As I get ready to bike the Great Allegheny Passage and the C&O Canal between Pittsburgh and the Washington DC area with my high-school friends at the end of the month, I am reminded of this letter that I wrote in the year 2009.
“Many of you have been reading about my experiences on the C&O canal for the last few years, and you might still not get a sense as to why this has become a part of my life. Truth of the matter is that most folks who live in this area are not even aware of the existence of this jewel in our backyard. The C&O canal is just not a major topic of conversation in these parts. But there is also another small dedicated group of people that is aware of this resource, and there are news-groups on the Internet where people like me visit to share stories and get information.
I have only traveled about 125 miles along the canal so far, and the towpath eventually ends at Cumberland, MD, at mile 184.5. Beyond the C&O canal, to the northwest, lies the Great Allegheny Passage (GAP), and a trail that runs all the way up McKeesport, PA, the place where Mona did her residency a while back. The combination of the GAP and the C&O canal runs over 300 miles from McKeesport (near Pittsburgh) to Washington, DC. There are many people who walk and bike these trails for recreation these days, and the experience is awesome. There are villages, rivers, mountains, canals, railroads, bridges, viaducts, locks, aqueducts and tunnels to see. There is Nature. There is even a sense of history on the trails, with the stories of the civil war battles along the Potomac, and the stories of the little old towns that used to exist in the early days of the country, and a way of life that has almost completely disappeared.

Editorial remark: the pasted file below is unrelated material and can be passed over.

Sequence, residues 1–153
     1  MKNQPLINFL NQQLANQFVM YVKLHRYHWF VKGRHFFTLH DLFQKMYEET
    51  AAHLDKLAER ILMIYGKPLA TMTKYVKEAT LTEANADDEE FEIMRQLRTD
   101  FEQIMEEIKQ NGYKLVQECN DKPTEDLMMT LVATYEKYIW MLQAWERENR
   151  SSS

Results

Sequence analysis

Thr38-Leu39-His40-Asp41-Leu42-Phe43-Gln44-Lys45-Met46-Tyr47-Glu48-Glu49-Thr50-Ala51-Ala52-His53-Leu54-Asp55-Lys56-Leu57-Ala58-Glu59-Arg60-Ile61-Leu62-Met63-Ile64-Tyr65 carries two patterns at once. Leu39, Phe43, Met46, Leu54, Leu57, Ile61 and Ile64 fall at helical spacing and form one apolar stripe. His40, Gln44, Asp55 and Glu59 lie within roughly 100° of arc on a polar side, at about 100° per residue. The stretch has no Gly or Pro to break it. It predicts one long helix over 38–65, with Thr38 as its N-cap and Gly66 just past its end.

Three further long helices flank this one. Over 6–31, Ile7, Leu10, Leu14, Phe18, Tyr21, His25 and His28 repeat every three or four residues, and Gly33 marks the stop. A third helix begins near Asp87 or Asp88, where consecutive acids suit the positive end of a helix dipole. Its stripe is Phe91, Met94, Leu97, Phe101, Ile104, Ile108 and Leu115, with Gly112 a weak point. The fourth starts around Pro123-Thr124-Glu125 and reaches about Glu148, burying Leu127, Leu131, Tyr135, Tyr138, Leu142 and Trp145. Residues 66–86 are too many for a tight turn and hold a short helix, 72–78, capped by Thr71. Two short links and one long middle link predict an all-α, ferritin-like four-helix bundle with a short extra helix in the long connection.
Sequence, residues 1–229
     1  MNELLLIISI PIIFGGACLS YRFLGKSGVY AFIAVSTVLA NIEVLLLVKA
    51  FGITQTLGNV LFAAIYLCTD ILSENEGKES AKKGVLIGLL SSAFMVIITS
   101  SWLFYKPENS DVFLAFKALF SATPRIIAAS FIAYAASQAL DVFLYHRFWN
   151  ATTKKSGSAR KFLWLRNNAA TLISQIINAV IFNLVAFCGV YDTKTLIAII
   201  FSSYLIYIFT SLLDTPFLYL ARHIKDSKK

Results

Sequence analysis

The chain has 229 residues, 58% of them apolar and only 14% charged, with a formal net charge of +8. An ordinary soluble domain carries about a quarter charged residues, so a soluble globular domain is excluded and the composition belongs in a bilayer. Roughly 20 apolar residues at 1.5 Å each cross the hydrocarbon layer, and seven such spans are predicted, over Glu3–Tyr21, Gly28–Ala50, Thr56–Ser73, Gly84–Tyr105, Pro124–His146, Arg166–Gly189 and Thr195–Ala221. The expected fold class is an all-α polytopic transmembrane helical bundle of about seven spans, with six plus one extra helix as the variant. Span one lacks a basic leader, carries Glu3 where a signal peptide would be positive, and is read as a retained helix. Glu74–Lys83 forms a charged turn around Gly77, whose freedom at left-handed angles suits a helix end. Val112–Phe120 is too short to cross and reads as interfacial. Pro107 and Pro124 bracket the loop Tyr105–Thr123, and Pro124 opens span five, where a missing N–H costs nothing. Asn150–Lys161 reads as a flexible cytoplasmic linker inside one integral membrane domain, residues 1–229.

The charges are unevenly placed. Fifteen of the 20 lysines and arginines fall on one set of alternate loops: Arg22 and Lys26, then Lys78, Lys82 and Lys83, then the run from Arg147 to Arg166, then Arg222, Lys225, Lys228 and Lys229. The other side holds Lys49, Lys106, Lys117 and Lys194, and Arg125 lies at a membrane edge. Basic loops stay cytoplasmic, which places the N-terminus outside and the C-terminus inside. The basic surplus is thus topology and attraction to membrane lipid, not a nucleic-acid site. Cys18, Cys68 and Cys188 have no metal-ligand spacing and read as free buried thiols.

I have never biked the trail for any long distance, and when I read the stories of people who have gone through the experience of doing the entire stretch I feel inspired. I am having a hard time describing why one feels this way. It is not that one is doing something that is important and will make a difference to humanity. I think this could be the purest form of entertainment and adventure. You experience nature in an unadulterated form, at your own pace, and without the benefit of any sort of motorized assistance. These days you do not even have to rough it out on the trail during the nights, since there are little towns with little bed-and-breakfast facilities and restaurants along the way. It appears that the popularity of the trail could be reviving some of the old villages in a little way.
Will I get a chance to ride the entire trail myself? I do not know, but it would not take much for something to tip the scales and for me to make up my mind to set out on my bike one fine day. Of course, it is not that simple. One has to be prepared. You have to carry supplies when doing such a trip. You have to be ready to face the unexpected. But if somebody out there wants to share the experience with me, I am ready to set out on this adventure! Any takers?
The link below is to an article written about the GAP in The New York Times.
Side story – Early this year, I got an e-mail from the President of the Allegheny Trail Alliance asking if they could use one of my pictures in the 2009 trailbook. I said yes. I had a hard time finding my picture when the trailbook came out. It ended up in black and white in a tiny format in a corner of a page. But that was good enough for me. One of my pictures has now been published! ”
Postscript: It is hard to believe, but many years later I am about to embark on the trip I talked about in 2009. I have to thank my good friend Koushik (who is riding with me) for motivating me to get off my butt and finally do something about it.
Also, I was approached once again this year to donate a few of my pictures to the 2016 edition of the trailbook for the GAP. A couple of my pictures appear in the guide.